Neo: That invariance, greatly generalised, lies behind the ‘gauge’ theories of my era. These are descriptions of further fundamental forces, conforming to the relativity principle that physics must look the same to co-moving observers related by the Lorentz transformation. That includes quantum descriptions, of course.xii It turned out that atoms have their positive charge in a nucleus contributing most of the mass of an atom, which is orbited by much lighter negatively charged particles called electrons – different numbers of electrons for different chemical elements. Further forces must exist to hold the positively charged particles in the nucleus together against their mutual electrical repulsion. These further forces are not familiar in everyday life, so they must fall off with distance much faster than the inverse square law of electromagnetism and gravity. Mass ‘feels’ gravity and charge feels electromagnetic forces, and there are analogues of these properties for the intranuclear forces, which are also felt by other more exotic particles not involved in chemistry. We have a unified quantum description of the intranuclear forces combined with electromagnetism that transforms according to the relativity principle, which we call the standard model, but we have not managed to incorporate gravity yet.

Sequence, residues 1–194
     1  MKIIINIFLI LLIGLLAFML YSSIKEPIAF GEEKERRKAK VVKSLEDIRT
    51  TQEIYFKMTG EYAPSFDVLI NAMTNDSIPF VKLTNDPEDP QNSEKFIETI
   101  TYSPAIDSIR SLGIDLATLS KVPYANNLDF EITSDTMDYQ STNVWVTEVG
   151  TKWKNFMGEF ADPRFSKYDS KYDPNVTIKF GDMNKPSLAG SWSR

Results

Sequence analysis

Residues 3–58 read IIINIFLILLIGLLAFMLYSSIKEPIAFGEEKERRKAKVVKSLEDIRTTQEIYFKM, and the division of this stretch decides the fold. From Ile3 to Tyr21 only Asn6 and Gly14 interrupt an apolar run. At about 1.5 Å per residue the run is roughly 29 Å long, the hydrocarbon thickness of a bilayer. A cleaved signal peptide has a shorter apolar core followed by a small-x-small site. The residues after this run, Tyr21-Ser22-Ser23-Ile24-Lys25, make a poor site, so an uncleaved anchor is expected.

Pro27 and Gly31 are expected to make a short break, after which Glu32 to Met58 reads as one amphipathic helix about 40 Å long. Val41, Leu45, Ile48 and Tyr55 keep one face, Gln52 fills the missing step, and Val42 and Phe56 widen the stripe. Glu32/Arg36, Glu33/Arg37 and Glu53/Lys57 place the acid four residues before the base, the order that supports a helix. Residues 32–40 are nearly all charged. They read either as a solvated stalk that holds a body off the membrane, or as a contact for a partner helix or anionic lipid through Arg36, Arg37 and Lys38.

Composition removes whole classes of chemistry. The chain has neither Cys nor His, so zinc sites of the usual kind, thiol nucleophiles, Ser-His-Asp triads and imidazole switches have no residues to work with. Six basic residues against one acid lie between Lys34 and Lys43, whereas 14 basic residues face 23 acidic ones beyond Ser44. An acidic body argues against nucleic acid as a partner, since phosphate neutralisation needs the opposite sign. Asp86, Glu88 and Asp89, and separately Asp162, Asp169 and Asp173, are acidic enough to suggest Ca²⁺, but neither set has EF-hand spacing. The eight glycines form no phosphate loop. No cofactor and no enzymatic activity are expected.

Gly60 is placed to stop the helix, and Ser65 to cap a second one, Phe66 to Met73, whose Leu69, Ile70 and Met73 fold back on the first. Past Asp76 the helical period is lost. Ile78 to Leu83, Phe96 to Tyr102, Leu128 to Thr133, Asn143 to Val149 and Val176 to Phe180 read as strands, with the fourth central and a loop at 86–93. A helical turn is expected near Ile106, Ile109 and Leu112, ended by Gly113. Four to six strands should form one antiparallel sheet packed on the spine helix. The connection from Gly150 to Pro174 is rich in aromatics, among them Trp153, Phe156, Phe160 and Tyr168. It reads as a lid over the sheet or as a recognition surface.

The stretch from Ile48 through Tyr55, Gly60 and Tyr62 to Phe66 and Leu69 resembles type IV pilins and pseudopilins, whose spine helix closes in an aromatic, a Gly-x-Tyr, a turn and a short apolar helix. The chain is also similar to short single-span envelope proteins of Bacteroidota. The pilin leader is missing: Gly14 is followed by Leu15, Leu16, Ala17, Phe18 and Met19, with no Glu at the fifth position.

Nino: But this is still a quantum theory, still non-deterministic?

Neo: Ultimately, yes. But it gives a fit to experiment that is better than one part in a thousand million for certain properties of the electron – which it does predict deterministically.xiii That is the limit of experimental accuracy in my era, and nobody has found an error anywhere else.

Nino: That’s magnificent, and it says a huge amount for the progress of experimental physics too. But I still see no reason to move from can-do to can’t-do in aiming to outdo quantum theory.

Neo: Let me explain some quantum mechanics.xiv The variables we observe in regular mechanics, such as momentum, correspond to operators in quantum theory. The operators evolve deterministically according to the Hamiltonian of the system; waves are just free-space solutions. When you measure a variable you get one of its eigenvalues, which are real-valued because the operators are Hermitian. Quantum mechanics gives a probability distribution over the eigenspectrum. After the measurement, the system’s quantum description is given by the corresponding eigenfunction. Unless the system was already described by that eigenfunction before the measurement, its quantum description changes. That is a key difference from classical mechanics, in which you can in principle observe a system without disturbing it. Such a change (‘collapse’) makes it impossible to determine simultaneously the values of variables whose operators do not have coincident eigenfunctions – in other words, non-commuting operators. It has even been shown, using commuting subsets of the operators of a system in which members of differing sets do not commute, that simultaneous values of differing variables of a system cannot exist.xv